Chrome Browser Kicks Flash To the Curb

The latest version of the Google Chrome web browser (version 55) has finally kicked Adobe Flash to the curb, by giving preference to HTML5 on most websites. There are a small number of exceptions to this, at least for a time, with YouTube and Facebook being notable ones.

Flash and HTML5 are different methods websites can use to allow you to view multimedia content - audio, video, animations - and Adobe Flash has been subject to a lot of security vulnerabilities over the years, hence the push to move to HTML5.

The Chrome browser should update itself and in day to day use, you really won't notice much difference - although if a site only supports Flash, you will likely get a prompt before Chrome will play that content, which is another nod to security.

With Chrome being the most popular browser out there, the choice to eschew Flash should help with the adoption rate of HTML5 going forward.


Phantom Pain Of Amputees Treated By Augmented Reality

Our human minds are a fantastically complex system of inputs and processing, and while it works well a lot of the time, it can be tricked into misinterpreting data - for example with an optical illusion.

Another more troublesome result of the way our brains work is the problem of amputees experiencing "phantom pain" in a limb that is no longer physically present. Can you imagine having an itch that you literally cannot scratch, or a non-existent limb or joint feeling as if it is stuck in an awkward or painful position?

While the mechanism is not fully understood, one approach seems to work for some patients is the use of augmented reality to trick the mind (again) into seeing a representation of the missing limb, and allowing software to arrange the limb in a less painful position (for example). This seems to let the brain think all is well, and relieves the phantom pain condition.
If the idea that moving a virtual limb around in AR could relieve pain strikes you as strange, don’t worry — it is. But phantom pain is a poorly understood phenomenon and sometimes the effectiveness of treatments is matched only by their strangeness.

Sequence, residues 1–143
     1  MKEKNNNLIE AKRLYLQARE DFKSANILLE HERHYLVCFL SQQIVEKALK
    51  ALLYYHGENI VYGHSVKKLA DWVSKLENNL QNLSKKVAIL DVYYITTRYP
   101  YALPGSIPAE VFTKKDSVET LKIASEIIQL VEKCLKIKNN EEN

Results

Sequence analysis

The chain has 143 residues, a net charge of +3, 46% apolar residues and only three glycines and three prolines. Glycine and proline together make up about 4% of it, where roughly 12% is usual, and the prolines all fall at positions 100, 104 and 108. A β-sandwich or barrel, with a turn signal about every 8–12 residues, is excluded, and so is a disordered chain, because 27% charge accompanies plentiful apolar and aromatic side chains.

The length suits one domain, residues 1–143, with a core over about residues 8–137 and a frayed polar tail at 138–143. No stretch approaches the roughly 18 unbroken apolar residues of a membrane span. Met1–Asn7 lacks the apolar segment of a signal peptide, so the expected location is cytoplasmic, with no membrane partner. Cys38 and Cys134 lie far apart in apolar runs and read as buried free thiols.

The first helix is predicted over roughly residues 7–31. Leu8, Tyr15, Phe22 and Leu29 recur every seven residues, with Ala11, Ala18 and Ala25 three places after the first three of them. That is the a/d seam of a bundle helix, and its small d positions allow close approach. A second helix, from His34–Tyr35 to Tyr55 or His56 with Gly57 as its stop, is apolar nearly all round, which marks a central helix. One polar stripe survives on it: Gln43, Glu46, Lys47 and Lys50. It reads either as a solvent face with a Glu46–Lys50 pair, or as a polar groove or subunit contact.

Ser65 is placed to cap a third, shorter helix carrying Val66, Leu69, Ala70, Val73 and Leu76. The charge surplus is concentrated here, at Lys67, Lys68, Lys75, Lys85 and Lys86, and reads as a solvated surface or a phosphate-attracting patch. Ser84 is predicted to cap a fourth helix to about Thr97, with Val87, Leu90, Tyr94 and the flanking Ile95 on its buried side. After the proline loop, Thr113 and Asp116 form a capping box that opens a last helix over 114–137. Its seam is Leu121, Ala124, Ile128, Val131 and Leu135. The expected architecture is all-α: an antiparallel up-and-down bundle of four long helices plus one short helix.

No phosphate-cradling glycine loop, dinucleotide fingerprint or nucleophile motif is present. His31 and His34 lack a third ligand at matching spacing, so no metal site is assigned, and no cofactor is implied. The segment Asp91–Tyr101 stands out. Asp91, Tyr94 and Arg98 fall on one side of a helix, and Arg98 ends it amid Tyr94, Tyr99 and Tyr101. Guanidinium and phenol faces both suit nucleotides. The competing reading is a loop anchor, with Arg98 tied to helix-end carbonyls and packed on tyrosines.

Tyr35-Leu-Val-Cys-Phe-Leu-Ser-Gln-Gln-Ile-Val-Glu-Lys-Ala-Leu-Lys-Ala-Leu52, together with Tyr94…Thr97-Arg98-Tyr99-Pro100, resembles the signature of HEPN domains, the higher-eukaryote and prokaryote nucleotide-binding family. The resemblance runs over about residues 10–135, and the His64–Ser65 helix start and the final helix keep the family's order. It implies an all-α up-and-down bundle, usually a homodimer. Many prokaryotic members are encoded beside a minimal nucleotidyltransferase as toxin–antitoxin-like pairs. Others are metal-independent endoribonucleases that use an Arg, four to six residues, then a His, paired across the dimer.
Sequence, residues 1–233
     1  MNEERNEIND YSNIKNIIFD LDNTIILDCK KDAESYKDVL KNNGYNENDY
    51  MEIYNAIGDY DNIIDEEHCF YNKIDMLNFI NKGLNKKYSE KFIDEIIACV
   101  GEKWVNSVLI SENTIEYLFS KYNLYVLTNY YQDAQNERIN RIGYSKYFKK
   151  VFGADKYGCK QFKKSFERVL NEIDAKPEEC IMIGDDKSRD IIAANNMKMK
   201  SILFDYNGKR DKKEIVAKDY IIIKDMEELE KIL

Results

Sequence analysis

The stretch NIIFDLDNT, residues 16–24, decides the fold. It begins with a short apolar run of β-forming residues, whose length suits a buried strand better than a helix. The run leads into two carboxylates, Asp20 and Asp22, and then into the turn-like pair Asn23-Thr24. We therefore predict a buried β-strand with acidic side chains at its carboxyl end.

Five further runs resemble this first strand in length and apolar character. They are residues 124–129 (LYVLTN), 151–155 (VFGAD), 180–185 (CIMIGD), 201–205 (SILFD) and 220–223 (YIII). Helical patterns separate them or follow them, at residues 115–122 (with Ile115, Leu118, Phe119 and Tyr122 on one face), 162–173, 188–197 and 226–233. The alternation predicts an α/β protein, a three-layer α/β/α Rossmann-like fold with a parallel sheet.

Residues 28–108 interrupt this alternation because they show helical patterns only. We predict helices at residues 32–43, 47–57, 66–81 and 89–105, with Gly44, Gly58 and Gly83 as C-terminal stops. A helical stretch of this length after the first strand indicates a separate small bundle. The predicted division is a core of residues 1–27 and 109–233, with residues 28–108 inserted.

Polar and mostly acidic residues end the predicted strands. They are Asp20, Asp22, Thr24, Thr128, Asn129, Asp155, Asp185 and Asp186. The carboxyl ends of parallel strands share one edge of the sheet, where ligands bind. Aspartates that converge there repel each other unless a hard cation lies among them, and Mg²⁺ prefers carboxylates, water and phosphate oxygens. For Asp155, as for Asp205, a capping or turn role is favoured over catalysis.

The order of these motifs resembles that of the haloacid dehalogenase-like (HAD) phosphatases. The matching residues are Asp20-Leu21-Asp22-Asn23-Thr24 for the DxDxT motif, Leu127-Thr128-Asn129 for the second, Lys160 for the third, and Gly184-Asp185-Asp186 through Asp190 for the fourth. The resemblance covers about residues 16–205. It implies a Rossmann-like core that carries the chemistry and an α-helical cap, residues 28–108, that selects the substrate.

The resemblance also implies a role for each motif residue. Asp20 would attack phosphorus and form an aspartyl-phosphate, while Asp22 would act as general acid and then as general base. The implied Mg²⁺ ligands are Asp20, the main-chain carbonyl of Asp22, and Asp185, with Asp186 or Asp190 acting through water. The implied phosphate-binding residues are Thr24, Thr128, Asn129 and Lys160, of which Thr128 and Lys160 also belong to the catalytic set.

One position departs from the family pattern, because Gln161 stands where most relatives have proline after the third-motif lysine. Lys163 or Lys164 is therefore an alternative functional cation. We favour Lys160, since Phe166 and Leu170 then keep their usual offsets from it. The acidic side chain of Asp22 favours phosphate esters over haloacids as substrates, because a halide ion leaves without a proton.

Apple Steps Up To Address iPhone 6s Battery Shutdowns

Some iPhone 6s owners (a small number, Apple insists) have run into a problem where the phone will shut down if the battery capacity falls to around 30%. While Apple says this is in fact the way the phone should act under the circumstances (i.e. the battery is not working as expected), it's still frustrating for the phone to shut off when there is still some battery capacity available.

To their credit, Apple says they have tracked down a specific manufacturing issue with their batteries and are replacing the affected hardware accordingly. 

Unfortunately, we seem to be going through a bad patch with mobile device batteries of late, as slimmer batteries mean closer tolerances during manufacture and more potential for possible trouble later.
Apple did provide a few new details: "We found that a small number of iPhone 6s devices made in September and October 2015 contained a battery component that was exposed to controlled ambient air longer than it should have been before being assembled into battery packs. As a result, these batteries degrade faster than a normal battery and cause unexpected shutdowns to occur. It's important to note, this is not a safety issue."

image courtesy

When Facebook Autoplays Videos, Here Is How To Stop It

Web sites and apps seem to have a tendency to change features as they go along, such as Facebook now "auto playing" videos on your timeline when you pause for more than a microsecond (it seems). 

These changes are of course generally designed to "engage" you, or otherwise get you to click on things, and so on - all part of keeping eyeballs engaged and making ad revenue. Nothing wrong with that in itself, but sometimes the methods get in the way of your enjoyment.

The Facebook video thing can be annoying if you are just trying to quietly check your feed, and suddenly a video of a dog barking or a marching band playing (or whatever) shatters the silence. Also, you may not want videos playing on your mobile device, using up some of your data allowance for the month.

HowToGeek has simple fixes for both PC and mobile users who don't want Facebook to play timeline videos unless you actually click on them. Get the skinny here.